Learning Center for Parents

Find the Scholarships you need to pay for College!

More information available at the College Board

How to Develop a Scholarship Strategy
Although most student aid comes in the form of federal education loans and grants from colleges, scholarships—with their lure of free money—get a huge amount of attention from students and their parents. If you and your child decide to invest your time in a search for scholarships, it’s important to have an organized system to find, apply for, and win scholarship money.

Start With a Personal Inventory

Start With a Personal Inventory
Most of the information your child will need to fill out a scholarship search questionnaire will be easy to come up with—year in school, citizenship, state of residence, religion, ethnic background, disability, military status, employer, membership organizations, and so forth.
Beyond those questions, your child should give some thought to academic, extracurricular, and career plans.

Your child should ask:

  • Do I want to participate in a competition? If so, what are my talents and interests?
  • What subject do I plan to major in?
  • What career do I plan to pursue?
  • Do I want to apply for all types of aid or only scholarships?

Answers to these questions will help determine scholarship eligibility. Your child should take time to brainstorm thoroughly—the more personal characteristics your child discovers, the more scholarships she could potentially apply for.

Research Local Scholarships First

Research Local Scholarships First
In general, the smaller the area a scholarship covers, the better your child’s chances of winning. Your child should start at the high school counselor’s office. Counselors will know about scholarships for students graduating from the local high school. They may also be aware of scholarships for residents of your town, county, and state.

Your child’s next stop should be the college aid section of your local public library or bookstore. Look at a range of books about financial aid, including scholarship guides.
Then, it’s time to start looking at large national scholarships such as Reserve Officer Training Corps (ROTC), National Merit, Gates Millennium, Siemens, Coca-Cola, and Robert Byrd.

Check Membership Organizations and Employers

Check Membership Organizations and Employers
Here’s an area where you, as a parent, can really help out. Think of all of the organizations you have an affiliation with—religious, community service, fraternal, military, union, and professional—and find out if any of them sponsor scholarships for children of members.

Don’t forget your employer. Many large companies offer scholarships or tuition reimbursement programs for dependent children of employees. Check with your human resources department to see if your company offers such programs.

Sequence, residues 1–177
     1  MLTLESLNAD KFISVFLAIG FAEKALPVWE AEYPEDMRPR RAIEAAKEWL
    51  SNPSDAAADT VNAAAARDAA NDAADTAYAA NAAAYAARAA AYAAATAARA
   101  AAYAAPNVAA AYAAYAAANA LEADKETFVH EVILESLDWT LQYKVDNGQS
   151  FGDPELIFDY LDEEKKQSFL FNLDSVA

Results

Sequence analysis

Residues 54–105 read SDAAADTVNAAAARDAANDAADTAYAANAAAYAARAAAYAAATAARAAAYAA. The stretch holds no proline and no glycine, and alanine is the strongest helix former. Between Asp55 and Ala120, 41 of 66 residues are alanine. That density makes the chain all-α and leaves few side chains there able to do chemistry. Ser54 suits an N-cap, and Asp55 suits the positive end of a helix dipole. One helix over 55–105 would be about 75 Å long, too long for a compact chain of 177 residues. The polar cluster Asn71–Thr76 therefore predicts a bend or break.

Employers of students such as fast food chains, department stores, and supermarkets often provide scholarships. Awards related to student employment can come from unexpected sources. For example, there are a number of scholarships for golf caddies.

Use a Free Scholarship Search Service

Use a Free Scholarship Search Service
A scholarship search company collects information on hundreds of awards and compares your child’s student characteristics with scholarship restrictions. Based on answers to a questionnaire, your child will receive a list of possible scholarships. It is up to your child to decide which ones to try for.

You should never have to pay for scholarship information. If you are asked to pay a fee for “exclusive” scholarship leads, there’s a good chance the scholarship service is really a scholarship scam.

Here are some free scholarship search services:

  • Scholarship Search
  • FastWeb
  • Sallie Mae

Contact Your State Department of Higher Education

Contact Your State Department of Higher Education
Almost every state has a scholarship program for residents—keep in mind, however, that awards are usually limited to students who attend college in-state. For example, the State of Florida offers Bright Futures scholarships to academically-qualified Floridians who decide to attend in-state colleges and universities.

Research Institutional Scholarships

Research Institutional Scholarships
Since a great deal of scholarship money is disbursed by colleges, it makes sense to research what kinds of scholarships are available at your child’s favorite colleges. Investigate college websites, catalogs, and financial aid offices for this information. Institutional awards can be offered on a university-wide basis, or within a particular college or major. Eligibility for such awards can be based on merit, financial need, intended major, ethnicity, or a variety of other factors. Here are some questions your child might want to ask about these awards: